Because of this month’s theme, memento mori (“remember you must die”), I’ve been reading a lot of memoirs of catastrophe: divorce, accident, illness, and the like.
I’m not sure I agree with Tolstoy’s observation, “Happy families are all alike; every unhappy family is unhappy in its own way,” but it’s true that each of the divorce memoirs I’ve read has described circumstances that are unique and compelling.
Illness memoirs, however, far outnumber those about divorce. I’ve read several cancer memoirs over the last few weeks, and still have many more to go. I dreaded this assignment, but now am fascinated by these accounts.
Research shows that because we measure ourselves relative to others, our happiness is influenced by whether we compare ourselves to people who are better off or worse off. In one study, people’s sense of life satisfaction changed dramatically depending on whether they completed sentences starting “I’m glad I’m not…” or instead, “I wish I were a…” Those making “downward comparisons” (“I’m glad I’m not…”) reported themselves to be much happier than those making upward comparisons.
I’ve discovered the truth of that. Reading about people grappling with terror, pain, and death—even lesser ills, like long waits in doctors’ offices and the indignities of medical procedures—has made me feel tremendously lucky.
Right now, I’m reading Michael Korda’s Man to Man, about his battle with prostate cancer. It has given me a new and intense appreciation for the simple ability to pee in the usual fashion.
Yesterday morning, I felt dejected because I’d re-gained a few pounds. But Korda’s experience made me feel far more kindly to my own body. Instead of feeling dissatisfied, I realize, I should delight in feeling young, vital, healthy, pain-free, fear-free.
That said, I don’t think these memoirs would cheer me if I’d had more brushes with serious illness; I don’t think I’d even be able to stand reading them. They paint a dismal picture.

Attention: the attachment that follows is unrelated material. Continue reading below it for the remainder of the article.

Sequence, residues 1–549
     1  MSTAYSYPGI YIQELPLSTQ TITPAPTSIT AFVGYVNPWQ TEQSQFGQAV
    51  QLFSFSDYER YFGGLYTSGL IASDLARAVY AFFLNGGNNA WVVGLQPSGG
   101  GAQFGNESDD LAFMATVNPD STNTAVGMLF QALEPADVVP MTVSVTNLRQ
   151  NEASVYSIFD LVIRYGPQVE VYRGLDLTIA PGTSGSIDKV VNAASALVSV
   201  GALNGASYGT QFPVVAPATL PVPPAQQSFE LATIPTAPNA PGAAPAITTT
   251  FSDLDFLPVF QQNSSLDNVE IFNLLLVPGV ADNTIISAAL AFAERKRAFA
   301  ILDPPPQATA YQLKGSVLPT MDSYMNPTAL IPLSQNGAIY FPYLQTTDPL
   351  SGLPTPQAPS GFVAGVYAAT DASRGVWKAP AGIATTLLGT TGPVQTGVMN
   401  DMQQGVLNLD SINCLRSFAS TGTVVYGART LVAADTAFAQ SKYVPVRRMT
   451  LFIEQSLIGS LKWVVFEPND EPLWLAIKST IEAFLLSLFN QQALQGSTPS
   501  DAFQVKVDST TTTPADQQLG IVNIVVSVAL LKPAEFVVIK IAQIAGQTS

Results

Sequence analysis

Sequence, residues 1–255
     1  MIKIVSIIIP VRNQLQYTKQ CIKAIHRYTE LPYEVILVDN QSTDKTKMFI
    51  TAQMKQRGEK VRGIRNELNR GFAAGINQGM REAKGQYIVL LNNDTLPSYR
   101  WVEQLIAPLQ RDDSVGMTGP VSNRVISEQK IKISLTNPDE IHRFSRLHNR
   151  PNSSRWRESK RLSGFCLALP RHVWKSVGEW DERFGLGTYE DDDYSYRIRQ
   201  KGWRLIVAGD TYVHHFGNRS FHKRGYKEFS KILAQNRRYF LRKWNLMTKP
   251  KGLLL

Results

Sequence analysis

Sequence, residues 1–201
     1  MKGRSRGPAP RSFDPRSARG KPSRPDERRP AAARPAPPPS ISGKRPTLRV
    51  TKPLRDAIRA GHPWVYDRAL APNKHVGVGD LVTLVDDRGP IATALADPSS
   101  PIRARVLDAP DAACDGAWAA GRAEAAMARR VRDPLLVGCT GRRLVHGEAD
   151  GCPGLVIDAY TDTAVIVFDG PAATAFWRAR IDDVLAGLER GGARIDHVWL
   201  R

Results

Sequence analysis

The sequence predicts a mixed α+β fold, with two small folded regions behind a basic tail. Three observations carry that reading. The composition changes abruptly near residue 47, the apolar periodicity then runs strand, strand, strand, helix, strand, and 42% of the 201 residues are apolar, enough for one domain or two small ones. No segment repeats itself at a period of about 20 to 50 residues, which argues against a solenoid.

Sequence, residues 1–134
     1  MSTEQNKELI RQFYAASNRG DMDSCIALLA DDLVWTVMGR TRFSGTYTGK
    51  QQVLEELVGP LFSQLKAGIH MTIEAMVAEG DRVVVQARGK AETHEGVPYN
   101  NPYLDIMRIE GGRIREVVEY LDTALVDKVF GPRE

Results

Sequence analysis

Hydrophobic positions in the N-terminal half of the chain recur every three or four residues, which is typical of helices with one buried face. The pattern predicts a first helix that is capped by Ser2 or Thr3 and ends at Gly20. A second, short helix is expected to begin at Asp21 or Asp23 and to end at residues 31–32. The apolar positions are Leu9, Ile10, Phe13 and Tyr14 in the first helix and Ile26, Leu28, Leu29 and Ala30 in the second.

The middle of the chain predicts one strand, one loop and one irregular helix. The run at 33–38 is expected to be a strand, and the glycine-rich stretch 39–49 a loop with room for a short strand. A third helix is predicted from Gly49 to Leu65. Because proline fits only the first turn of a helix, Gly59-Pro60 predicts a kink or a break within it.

The Big Man, for one, would never read these books. He’s suffered too many grim experiences in hospitals to want to visit voluntarily, even in imagination.
Childbirth is my only experience with hospitals, and giving birth, though it carries its own fears and discomforts, is thrilling. And although the Big Girl’s arrival was scary—she was induced early, at only 4 pounds, and stayed in Intensive Care for a week—these measures were precautionary; nothing actually went wrong.
I felt a bit guilty about my reaction to the memoirs. Isn’t it wrong to feel…reassured…by these sorrowful events? But I realized that this is exactly what these writers are trying to accomplish. Their common theme is: cherish your health! Appreciate your ordinary life! Other themes: keep up with your doctor’s appointments, don’t ignore big changes in your body, make sure you have good health insurance.
I’m a big believer in clearing clutter. Cleaning a closet is a way to give yourself a boost of energy and serenity—an odd combination, it’s true—in just a few hours. A great source of clutter-clearing inspiration is the blog Neat Living. Today, for example, there’s information about how to something with your precious souvenir T-shirts from twenty years ago besides keep them in a drawer.